OU President David Boren has an idea to help with the teacher crisis. He's proposing a one-cent sales tax increase and all the money would go toward education.
The tax increase would have to go to a public vote in November, but if successful Boren estimates the tax increase would raise $615 million, a majority of which would go toward a significant raise for teachers.
Susan Drexel has two daughters in school and she's worried about all the qualified teachers being plucked away by other states, and the resulting teacher shortage.
“I think we should all be concerned about it,” said Drexel.
Boren is concerned. So he's organizing an effort to put the penny sales tax on the ballot.
“Something needs to be done,” said Alicia Priest, president of the Oklahoma Education Association who represents teachers. “We’ve got to have funding. We’re at a critical shortage right now.”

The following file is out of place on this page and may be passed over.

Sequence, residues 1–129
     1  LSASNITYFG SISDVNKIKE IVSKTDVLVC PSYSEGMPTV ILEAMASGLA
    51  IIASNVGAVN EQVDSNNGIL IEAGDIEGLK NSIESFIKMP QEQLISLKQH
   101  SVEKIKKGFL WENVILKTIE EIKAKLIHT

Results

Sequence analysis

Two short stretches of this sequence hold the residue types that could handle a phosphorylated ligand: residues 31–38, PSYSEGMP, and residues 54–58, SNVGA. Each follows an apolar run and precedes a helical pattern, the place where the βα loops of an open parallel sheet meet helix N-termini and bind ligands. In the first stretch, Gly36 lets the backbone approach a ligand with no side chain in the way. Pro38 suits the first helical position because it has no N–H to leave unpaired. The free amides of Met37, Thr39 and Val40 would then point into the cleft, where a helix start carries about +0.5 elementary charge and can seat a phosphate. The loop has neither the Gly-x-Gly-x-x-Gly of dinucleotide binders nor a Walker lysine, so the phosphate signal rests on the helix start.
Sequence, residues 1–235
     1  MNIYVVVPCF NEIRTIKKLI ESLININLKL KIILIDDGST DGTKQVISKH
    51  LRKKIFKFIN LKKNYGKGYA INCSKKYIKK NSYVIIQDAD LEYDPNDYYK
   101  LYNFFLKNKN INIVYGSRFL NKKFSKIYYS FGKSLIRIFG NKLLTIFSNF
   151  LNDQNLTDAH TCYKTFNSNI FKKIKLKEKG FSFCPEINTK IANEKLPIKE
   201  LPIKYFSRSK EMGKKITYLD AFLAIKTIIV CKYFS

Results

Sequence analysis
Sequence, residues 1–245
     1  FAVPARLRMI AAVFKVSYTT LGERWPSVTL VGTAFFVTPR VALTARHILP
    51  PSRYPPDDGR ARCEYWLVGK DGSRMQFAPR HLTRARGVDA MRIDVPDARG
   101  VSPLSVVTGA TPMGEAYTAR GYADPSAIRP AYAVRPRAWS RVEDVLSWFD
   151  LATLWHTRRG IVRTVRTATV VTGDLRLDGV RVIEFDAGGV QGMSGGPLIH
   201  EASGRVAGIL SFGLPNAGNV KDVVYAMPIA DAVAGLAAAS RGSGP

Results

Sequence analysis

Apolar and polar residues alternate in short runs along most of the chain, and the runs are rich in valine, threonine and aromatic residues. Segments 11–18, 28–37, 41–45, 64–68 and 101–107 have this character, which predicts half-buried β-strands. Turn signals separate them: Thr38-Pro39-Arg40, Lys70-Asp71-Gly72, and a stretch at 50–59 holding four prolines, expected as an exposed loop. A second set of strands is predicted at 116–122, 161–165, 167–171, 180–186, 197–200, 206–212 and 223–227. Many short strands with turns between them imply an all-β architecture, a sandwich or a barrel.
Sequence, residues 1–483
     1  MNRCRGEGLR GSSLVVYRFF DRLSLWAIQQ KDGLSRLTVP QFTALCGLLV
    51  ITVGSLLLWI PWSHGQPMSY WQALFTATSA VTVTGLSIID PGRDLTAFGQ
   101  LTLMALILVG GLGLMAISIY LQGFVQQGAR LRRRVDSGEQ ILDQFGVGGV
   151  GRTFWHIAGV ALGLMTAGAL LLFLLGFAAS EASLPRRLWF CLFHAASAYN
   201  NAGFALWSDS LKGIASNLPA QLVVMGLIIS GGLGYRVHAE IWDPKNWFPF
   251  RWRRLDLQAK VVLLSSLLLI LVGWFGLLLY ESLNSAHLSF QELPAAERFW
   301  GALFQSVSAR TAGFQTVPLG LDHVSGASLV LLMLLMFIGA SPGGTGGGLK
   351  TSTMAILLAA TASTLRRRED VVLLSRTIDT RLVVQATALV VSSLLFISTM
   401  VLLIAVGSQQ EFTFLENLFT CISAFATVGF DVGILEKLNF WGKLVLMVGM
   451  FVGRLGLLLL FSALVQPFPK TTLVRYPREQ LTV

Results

Boren's proposal would give teachers a $5,000 raise. The rest of the money would go toward funding higher education, early education and career tech.
“Folks are looking outside of the box, they’re talking about supporting public schools with funding and that is exciting,” said Priest.
According to the Institute on Taxation and Economic Policy, the proposal would cost medium-income Oklahomans ($50,000 per year) about $262 a year, those who make less than $12,000 per year would pay an additional $90 annually. And the top one percent of earners would pay about $1,700 dollars per year.
Without hesitation, Drexel says she would pay it to make sure her daughters continue to blossom in school.
“I would support it, absolutely. It’s one cent. We’re not talking a huge amount, yet we’re talking a huge difference in our teacher’s lives and our children’s lives.”
Critics, however, argue a sales tax increase would put a greater burden on those who make less money, because those with lower income would pay a higher proportion of their income on the tax.